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Affective responses to body stimuli: comparing male and female bodies with cropped heads and masked faces

Groves, Katie and Kennett, Steffan and Gillmeister, Helge (2018) 'Affective responses to body stimuli: comparing male and female bodies with cropped heads and masked faces.' Journal of Cognitive Psychology, 30 (7). pp. 754-770. ISSN 2044-5911

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Three studies were conducted in order to determine whether headless bodies evoke affective responses that might confound neuroimaging and electrophysiological findings. In Experiment 1, 224 participants used an online questionnaire to rate pictures, including bodies with cropped heads and masked faces, for disgust, fear, naturalness, valence and arousal. In Experiment 2, 38 participants completed a free word association task whilst viewing images that included bodies with cropped heads and masked faces. In Experiment 3, 57 participants completed a similar rating task to that disseminated in Experiment 1, whilst galvanic skin responses were measured. Results from all studies found no differences in the affective response elicited by bodies without heads versus bodies with masked faces. Female bodies were thought of more positively than male bodies, however. These findings suggest that headless body stimuli are not abhorrent in any way and are thus the preferable stimuli for investigating body-selective perceptual processes as they do not evoke face-processing mechanisms. Our findings also suggest that differences between male and female body viewing should be considered when investigating visual body perception.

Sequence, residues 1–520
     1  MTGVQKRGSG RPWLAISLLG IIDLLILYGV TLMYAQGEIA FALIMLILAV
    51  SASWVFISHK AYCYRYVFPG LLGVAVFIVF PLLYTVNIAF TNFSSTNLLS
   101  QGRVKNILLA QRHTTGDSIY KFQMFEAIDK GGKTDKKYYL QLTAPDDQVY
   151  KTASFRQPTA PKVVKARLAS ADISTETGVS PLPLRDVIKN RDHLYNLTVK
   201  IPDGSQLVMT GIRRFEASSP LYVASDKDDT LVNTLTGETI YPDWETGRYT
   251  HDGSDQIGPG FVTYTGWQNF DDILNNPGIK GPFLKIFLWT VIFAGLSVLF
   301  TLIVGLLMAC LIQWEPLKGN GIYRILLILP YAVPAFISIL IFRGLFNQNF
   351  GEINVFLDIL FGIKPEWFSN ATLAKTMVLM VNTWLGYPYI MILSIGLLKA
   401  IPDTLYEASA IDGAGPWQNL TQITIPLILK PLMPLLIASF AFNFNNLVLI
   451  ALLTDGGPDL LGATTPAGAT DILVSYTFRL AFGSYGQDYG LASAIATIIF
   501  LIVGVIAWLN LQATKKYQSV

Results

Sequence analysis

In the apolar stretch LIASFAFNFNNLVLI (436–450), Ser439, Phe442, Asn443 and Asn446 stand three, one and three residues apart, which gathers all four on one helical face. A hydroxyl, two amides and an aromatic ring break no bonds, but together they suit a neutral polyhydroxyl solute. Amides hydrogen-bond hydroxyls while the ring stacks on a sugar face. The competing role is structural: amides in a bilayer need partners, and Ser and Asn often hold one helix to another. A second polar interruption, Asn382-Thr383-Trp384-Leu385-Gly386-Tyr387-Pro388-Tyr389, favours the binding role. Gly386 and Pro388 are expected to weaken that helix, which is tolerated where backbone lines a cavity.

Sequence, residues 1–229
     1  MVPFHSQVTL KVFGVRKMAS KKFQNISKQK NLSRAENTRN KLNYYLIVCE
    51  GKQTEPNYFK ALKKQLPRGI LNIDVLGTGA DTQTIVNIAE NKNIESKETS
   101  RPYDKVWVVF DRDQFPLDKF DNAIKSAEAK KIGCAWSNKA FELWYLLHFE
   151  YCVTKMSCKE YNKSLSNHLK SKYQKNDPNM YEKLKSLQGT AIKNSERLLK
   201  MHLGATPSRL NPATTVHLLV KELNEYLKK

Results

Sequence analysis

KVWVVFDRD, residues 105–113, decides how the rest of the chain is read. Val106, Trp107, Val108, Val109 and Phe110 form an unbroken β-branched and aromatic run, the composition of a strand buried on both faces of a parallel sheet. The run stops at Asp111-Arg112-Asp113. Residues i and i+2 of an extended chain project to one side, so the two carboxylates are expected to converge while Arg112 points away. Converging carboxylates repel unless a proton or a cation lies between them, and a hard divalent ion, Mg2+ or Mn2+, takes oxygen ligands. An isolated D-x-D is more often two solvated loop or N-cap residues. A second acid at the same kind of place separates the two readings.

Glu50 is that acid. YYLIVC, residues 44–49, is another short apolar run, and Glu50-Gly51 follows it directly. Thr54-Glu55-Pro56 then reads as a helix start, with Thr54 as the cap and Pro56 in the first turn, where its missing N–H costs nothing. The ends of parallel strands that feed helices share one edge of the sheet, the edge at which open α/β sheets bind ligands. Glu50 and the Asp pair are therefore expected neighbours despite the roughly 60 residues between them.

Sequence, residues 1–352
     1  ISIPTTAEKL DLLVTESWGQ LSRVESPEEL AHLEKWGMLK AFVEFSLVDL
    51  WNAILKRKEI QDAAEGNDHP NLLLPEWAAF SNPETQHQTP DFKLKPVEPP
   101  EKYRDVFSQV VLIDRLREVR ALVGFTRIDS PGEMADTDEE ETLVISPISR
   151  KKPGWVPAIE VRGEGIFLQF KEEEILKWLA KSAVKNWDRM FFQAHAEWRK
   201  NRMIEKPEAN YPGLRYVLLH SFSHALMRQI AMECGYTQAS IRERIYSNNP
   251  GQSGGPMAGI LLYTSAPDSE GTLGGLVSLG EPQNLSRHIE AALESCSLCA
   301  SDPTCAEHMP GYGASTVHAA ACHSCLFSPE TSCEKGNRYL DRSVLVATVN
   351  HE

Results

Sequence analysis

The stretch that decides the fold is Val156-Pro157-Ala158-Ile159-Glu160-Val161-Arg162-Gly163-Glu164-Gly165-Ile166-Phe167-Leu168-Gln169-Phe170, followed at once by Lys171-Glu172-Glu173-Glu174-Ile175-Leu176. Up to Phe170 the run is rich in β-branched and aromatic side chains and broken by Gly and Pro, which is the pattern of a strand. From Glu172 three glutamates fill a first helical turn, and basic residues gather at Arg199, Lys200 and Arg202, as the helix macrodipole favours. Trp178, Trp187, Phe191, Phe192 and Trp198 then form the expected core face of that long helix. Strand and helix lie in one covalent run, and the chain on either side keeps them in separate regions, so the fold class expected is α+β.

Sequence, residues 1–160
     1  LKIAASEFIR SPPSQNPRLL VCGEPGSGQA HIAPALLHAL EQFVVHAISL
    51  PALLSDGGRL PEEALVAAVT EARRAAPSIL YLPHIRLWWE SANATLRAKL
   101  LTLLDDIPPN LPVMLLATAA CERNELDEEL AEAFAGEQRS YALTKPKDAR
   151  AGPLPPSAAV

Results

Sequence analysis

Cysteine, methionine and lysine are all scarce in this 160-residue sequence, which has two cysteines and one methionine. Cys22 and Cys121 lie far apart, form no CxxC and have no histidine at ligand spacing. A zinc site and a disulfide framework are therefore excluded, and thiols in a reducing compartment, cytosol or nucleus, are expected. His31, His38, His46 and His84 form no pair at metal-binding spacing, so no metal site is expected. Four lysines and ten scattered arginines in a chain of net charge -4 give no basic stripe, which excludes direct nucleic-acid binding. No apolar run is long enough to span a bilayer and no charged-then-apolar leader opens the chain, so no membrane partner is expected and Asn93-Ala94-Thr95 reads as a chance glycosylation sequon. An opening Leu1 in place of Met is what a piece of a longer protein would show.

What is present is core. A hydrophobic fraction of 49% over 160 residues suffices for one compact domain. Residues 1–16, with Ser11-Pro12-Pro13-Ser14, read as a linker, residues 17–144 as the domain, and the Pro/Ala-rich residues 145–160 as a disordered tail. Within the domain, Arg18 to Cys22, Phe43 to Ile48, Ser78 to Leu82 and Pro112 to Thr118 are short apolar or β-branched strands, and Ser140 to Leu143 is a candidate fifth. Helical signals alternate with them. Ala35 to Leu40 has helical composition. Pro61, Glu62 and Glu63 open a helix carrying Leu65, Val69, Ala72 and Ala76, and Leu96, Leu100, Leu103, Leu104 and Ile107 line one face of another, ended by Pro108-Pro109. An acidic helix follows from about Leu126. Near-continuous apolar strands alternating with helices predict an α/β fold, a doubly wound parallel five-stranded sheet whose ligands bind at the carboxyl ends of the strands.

Item Type: Article
Uncontrolled Keywords: body perception, body representation, headless bodies, masked faces, affective responses
Subjects: B Philosophy. Psychology. Religion > BF Psychology
Divisions: Faculty of Science and Health
Faculty of Science and Health > Psychology, Department of
SWORD Depositor: Elements
Depositing User: Elements
Date Deposited: 03 Sep 2018 13:40
Last Modified: 18 Aug 2022 12:12

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